Age isn’t Joe Biden’s problem. This distinction matters because they often differ.
My experience suggests they often go together. Though younger than the President, I see my knees and body deteriorating. According to my peers, memorizing names, which are usually unconnected to analytical threads, is harder.
In an intellectual discourse, I may read Why Liberalism Failed or another volume verbatim and dispute its concepts by, by, by… that person, whatshisname? If someone says “Deneen,” I may add “Patrick Deneen” and explain why I didn’t like the book, largely because it’s too rationalistic and treats politics like abstract notions.
I’m ok. I remember unreal experiences. On 9/11, a well-behaved crowd left the Capitol, where we were hosting a long-planned Sudan event. Many individuals informed me that we left the Rayburn House Office Building, not the Capitol.
This was a block away, so the main principles are genuine, but my memory had blurred something crucial, probably for drama. Politicians and renowned journalists who exaggerate or fake their criticism encounter this syndrome.
Mental capacities deteriorate with aging.
Did I say…?
Age is only one aspect.
My story follows 1930 Mississippi sharecropper John Perkins. He writes almost a book a year—more than me.
At 73, Konrad Adenauer became the first chancellor of the Federal Republic of Germany, tasked with rebuilding a nation that had been ravaged four years before. Foreign military masters left him a divided, loathed nation. At 87, he retired.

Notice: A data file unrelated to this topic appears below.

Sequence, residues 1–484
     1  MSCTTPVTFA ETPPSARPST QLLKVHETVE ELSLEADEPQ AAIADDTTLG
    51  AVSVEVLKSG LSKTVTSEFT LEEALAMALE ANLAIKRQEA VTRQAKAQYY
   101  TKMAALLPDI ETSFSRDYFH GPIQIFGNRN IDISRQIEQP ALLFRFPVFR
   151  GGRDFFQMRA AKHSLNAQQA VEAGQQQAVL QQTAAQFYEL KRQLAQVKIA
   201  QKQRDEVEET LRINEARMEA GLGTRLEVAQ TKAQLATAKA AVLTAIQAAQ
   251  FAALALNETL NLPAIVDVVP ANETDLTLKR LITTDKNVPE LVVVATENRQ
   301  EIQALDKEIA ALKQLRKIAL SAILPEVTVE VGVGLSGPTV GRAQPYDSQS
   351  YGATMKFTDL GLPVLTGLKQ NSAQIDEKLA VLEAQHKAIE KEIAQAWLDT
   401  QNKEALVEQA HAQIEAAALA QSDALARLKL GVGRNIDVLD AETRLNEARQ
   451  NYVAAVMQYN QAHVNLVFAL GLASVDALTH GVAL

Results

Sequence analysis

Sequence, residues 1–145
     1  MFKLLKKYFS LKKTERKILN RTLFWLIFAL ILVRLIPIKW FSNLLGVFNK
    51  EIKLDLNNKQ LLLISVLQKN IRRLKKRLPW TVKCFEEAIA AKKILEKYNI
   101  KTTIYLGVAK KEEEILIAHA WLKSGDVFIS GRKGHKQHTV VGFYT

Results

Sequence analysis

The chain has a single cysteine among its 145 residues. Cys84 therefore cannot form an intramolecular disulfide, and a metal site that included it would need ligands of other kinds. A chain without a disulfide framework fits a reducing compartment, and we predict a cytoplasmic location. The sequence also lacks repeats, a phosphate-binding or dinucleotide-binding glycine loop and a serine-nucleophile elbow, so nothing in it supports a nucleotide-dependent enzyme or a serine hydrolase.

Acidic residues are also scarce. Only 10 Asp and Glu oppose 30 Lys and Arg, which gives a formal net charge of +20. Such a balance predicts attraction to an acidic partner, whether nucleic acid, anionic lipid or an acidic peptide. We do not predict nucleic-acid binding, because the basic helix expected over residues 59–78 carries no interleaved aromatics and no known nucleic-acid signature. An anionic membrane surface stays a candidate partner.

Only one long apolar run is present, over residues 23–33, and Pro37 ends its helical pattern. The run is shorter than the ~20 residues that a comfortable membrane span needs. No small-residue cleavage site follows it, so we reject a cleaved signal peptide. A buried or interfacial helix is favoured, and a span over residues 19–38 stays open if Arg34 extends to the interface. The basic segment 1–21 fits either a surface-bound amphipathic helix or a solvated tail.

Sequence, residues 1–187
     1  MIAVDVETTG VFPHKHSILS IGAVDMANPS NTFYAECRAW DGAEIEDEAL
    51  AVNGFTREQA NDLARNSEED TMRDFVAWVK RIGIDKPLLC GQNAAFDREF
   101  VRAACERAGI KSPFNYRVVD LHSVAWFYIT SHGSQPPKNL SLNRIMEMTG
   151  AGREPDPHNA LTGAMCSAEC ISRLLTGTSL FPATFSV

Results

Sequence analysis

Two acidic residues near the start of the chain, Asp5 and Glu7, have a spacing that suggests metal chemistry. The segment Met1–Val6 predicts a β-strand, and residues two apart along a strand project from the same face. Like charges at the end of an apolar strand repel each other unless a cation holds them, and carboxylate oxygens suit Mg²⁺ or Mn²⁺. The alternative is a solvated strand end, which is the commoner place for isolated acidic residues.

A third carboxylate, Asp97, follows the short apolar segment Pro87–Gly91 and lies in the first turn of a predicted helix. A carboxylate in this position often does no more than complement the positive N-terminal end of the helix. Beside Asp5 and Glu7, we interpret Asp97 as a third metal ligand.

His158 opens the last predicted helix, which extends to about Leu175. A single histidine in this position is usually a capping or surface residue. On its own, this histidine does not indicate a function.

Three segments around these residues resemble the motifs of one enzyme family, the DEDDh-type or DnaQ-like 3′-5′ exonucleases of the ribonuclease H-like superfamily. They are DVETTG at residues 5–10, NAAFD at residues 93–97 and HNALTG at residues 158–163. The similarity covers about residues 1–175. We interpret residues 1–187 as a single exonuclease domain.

He headed the CDU, which he co-founded, until he was 90. He was competent, regardless of your views. His critics said that he made most major decisions and used his ministers as tools. He was apolitical.
Longtime Pentagon Office of Net Assessment chief Andy Marshall. DoD think tank. It was a core organization—hence the “net” assessment—that combined resources to offer a global view. Brilliant Defense Department Yoda.
Major General Chen Zhou, the lead author of four Chinese defense white papers, claimed Marshall was one of the most important people in Chinese defense thought in the 1990s and 2000s in a 2012 interview. Defense policy’s “Yoda” was his Washington Post obituary. 94-year-old retired in 2015.
On May 27, Henry Kissinger turned 100. Though incorrect, he’s not done. He may still advise.
Nancy Pelosi was Speaker until 2022. She served until 81, two years after the President. CNN called her prime. Republicans, irritated by her political talents, may have wished she had emphasized more of Biden’s weaknesses, but she didn’t.
Her scurrilous tweets show she drinks a lot. If so, Democrats should follow Lincoln. In 1863, the New York Times reported that Lincoln told Gen. Grant that if he could find out what brand of whiskey he drank, he would send a barrel to all the commanders.
President Biden’s mental and physical health matter more than his age. He may stay awake. His formal morning and afternoon regimen is light. What if a Ukraine-released F-16 strikes Russian territory and Putin responds with a tactical nuclear strike on a sparsely populated area?
American presidents would have a horrible decision. FDR, Truman, Eisenhower, and Reagan—even at their best—could not respond. A drowsy, disoriented President receiving the return query is more frightening.
Avoid the American fixation with youth and urge to reject the elderly because they are old, as if this planet were founded yesterday and we can learn nothing from history. Elders may teach youth.
Older politicians succeed. Young people lack experience. Real-life Yodas are needed. We regret failing.
President Biden’s age shouldn’t concern us. His mental degeneration matters. Ability, not age, matters.